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MQTP innovates classes, propels refueling mission forward

Airman inspects axel

U.S. Air Force Airman 1st Class Antonio Marta, 92nd Aircraft Maintenance Squadron crew chief, inspects a KC-135 Stratotanker axel using a micrometer at Fairchild Air Force Base, Washington, August 4, 2020. Practicing replacing brakes on landing gear is taught as a part of crew chief phase two training. (U.S. Air Force photo by Airman 1st Class Anneliese Kaiser)

MQTP instructor teaches Airmen

U.S. Air Force Staff Sgt. Benjamin Wolford, 92nd Maintenance Group Maintenance Qualification Training Program instructor, teaches Airmen how to service centering cylinders on a KC-135 Stratotanker landing gear at Fairchild Air Force Base, Washington, August 4, 2020. All Air Mobility Command bases have this program to qualify maintenance Airmen and better prepare them for their careers. (U.S. Air Force photo by Airman 1st Class Anneliese Kaiser)

Airman tightens bolt

U.S. Air Force Airman 1st Class Ian Herrington, 92nd Aircraft Maintenance Squadron crew chief, tightens a bolt on KC-135 Stratotanker landing gear using a torque wrench at Fairchild Air Force Base, Washington, August 4, 2020. Crew chiefs will inspect and repair landing gear on a daily basis in the field. (U.S. Air Force photo by Airman 1st Class Anneliese Kaiser)

FAIRCHILD AIR FORCE BASE, Wash. --

Keeping Fairchild’s KC-135 Stratotankers mission capable and safe is not an easy job and requires an immense amount of training. While the Air Force puts maintenance Airmen through a generalized technical school, the brunt of training comes from a specialized program here.

 

The 92nd Maintenance Group Maintenance Qualification Training Program trains and qualifies Fairchild’s incoming maintainers on their job and has been innovating classes to help keep tankers in the air.

 

“This is qualification training. They go through tech school and get a brief idea of what the job entails, but they don’t get officially signed off on job training tasks,” said Tech Sgt. Cassandra Bucklin 92nd Maintenance Group MQTP instructor supervisor. “When they come through training, they are actually getting qualified and will be able to go to the flightline after completion and start work immediately.”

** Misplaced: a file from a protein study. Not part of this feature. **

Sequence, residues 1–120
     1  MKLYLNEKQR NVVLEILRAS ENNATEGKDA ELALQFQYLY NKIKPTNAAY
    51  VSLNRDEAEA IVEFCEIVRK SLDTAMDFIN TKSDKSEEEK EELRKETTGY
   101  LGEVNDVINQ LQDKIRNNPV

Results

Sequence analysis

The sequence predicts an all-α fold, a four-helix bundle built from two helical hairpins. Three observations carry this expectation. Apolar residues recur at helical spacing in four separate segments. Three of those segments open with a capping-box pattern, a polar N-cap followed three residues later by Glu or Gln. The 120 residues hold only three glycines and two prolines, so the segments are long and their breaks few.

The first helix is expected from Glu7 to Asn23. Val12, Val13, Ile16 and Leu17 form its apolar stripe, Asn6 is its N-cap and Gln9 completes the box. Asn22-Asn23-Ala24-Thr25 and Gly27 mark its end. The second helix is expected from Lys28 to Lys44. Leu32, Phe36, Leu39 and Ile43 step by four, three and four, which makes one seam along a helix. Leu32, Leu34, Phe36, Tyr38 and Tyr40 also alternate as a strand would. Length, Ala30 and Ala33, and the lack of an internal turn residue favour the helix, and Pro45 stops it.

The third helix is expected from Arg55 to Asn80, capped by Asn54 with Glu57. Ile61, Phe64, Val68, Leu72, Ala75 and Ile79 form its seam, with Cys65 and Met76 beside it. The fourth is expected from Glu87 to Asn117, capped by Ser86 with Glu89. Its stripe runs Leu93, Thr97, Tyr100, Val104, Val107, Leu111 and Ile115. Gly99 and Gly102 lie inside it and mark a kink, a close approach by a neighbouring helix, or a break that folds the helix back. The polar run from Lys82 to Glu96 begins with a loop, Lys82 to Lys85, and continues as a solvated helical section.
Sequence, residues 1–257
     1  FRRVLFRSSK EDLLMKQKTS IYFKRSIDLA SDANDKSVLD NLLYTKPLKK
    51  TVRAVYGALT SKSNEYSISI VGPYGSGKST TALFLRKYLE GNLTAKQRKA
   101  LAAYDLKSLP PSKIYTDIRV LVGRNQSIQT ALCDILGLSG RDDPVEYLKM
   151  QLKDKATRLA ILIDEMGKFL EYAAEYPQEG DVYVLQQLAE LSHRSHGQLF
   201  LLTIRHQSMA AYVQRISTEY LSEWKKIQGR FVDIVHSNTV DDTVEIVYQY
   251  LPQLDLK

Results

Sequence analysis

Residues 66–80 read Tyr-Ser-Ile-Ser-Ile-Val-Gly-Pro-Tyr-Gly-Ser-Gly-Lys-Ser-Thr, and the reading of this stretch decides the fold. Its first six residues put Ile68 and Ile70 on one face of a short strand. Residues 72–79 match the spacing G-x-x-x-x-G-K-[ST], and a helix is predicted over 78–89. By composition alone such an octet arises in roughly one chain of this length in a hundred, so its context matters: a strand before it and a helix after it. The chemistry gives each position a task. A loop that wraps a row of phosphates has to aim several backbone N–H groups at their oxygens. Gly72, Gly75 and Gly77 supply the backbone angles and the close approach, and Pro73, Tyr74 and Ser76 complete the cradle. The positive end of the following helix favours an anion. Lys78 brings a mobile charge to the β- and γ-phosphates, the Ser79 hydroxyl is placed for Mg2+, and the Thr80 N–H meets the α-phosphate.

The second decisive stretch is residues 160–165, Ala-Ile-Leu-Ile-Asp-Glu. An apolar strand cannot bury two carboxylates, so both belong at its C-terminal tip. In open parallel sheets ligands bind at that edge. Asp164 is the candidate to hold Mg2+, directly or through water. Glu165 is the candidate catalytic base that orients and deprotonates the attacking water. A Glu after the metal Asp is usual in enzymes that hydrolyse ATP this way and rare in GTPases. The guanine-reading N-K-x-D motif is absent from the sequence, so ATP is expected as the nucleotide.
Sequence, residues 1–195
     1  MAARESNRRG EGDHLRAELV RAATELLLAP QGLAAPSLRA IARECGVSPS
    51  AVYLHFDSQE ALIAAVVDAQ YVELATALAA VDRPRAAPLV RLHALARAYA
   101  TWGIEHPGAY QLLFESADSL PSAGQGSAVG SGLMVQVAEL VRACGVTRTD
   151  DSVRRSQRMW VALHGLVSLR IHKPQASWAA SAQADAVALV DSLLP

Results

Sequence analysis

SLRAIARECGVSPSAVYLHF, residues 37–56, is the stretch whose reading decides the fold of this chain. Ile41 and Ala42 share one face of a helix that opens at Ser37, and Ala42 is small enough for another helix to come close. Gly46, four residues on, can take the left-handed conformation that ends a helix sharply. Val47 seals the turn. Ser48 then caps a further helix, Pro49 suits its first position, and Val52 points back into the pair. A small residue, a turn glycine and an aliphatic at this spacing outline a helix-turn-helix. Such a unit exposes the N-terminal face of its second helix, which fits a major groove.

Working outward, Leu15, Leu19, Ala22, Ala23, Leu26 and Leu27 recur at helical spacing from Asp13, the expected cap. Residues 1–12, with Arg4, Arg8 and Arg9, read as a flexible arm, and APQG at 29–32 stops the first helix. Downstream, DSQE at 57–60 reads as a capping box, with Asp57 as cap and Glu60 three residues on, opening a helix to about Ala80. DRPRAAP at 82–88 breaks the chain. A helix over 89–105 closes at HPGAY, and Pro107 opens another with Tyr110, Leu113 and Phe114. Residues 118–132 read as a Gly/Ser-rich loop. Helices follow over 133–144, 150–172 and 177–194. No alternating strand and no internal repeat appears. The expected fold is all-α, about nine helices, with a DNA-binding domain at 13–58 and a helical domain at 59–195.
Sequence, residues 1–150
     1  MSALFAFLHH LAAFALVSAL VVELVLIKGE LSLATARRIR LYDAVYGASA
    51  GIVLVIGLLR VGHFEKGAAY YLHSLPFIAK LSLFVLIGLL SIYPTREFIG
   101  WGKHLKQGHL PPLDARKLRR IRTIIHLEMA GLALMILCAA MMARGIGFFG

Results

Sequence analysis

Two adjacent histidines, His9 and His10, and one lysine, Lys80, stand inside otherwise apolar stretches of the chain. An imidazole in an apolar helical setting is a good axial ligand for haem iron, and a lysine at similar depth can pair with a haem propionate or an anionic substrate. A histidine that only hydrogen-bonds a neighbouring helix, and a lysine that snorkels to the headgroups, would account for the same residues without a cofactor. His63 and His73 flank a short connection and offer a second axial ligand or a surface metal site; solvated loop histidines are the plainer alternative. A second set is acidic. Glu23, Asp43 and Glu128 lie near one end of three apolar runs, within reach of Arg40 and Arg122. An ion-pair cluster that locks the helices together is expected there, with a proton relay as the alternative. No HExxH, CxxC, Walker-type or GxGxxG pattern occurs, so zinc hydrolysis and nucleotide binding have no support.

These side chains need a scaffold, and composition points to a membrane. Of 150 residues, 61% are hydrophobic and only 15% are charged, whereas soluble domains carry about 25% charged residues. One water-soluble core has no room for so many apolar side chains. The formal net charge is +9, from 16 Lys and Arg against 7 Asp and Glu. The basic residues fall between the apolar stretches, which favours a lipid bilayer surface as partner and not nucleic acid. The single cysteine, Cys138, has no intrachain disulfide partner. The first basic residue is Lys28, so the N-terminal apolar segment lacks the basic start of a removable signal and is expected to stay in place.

The 92nd MQTP has been creating their own training videos to go along with hands on classroom teaching methods, to increase understanding for maintainers that are enrolled in the program.

 

 

The MQTP separates Airmen training into two separate phases. Phase one training, or general aircraft maintenance training, takes 24 duty days, and phase two varies in length depending on the Air Force Specialty Code of the student.

 

Aircraft maintenance jobs that go through the MQTP for phases one and two at Fairchild, are crew chiefs, communication navigation mission systems, instrument flight controls, aircraft electrical and environmental systems, aircraft hydraulics systems, and engine propulsion technicians.

 

Instructors make training more personalized with courses designed to make the students feel competent and comfortable taking on the tasks of their job when they graduate.

 

“This school is a lot more hands-on and one-on-one with the students,” said Staff Sgt. Benjamin Wolford, 92nd MXG MQTP instructor. “Here we want to take time and actually go at the pace of the slowest learner to ensure that they know their job when they leave this school.”

 

MQTP has 16 instructors currently teaching the phase courses as well as ancillary training such as Human Factors training, Cardio Pulmonary Resuscitation training, and Self-Aid Buddy Care training for annual qualifications.

 

The instructors were recently awarded video equipment, by pitching it at Team Fairchild’s Spark Tank competition for the purpose of creating Airmen focus training videos to add to their curriculum.

 

“Air Force Headquarters reached out to us and they gave us a [video] kit and we’ve been taking this video equipment, going out to the flightline and creating training videos,” Bucklin said. “We did a spark tank pitch to get $20,000 for three additional kits and we won, so now we can not only create videos for maintenance, but people within the wing can reach out and can check out the equipment from us and create their own training videos for whatever tasks they’re trying to teach within their units.”

 

Most recently, they lead the way and created a KC-135 Stratotanker coronavirus disease 2019 decontamination video for AMC’s five tanker wings which can be viewed on Mil Tube, a Department of Defense accessible website where training videos can be shared for all DoD personnel to utilize.  

 

“This is our way of propelling the 92nd Air Refueling Wing into the 21st century,” said Bucklin. “Especially with COVID-19 happening, we had to change training and change the way we were conducting classes. Having these videos made it to where we could show them how to do a task without having to go out there as much and risk not doing physical distancing.

 

“It’s more convenient and it’s a higher level of training, our team motto this year has been innovation,” Bucklin added. “Every week we discussed how we can be more innovative, what we can change and what we can do better. So we’re not only improving training, but were saving time and were getting people back out to the flightline.”

 

Team Fairchild’s MQTP is innovating their classes and better equipping the next generation of maintainers, propelling the KC-135 mission forward so we can continue to fly fight and win.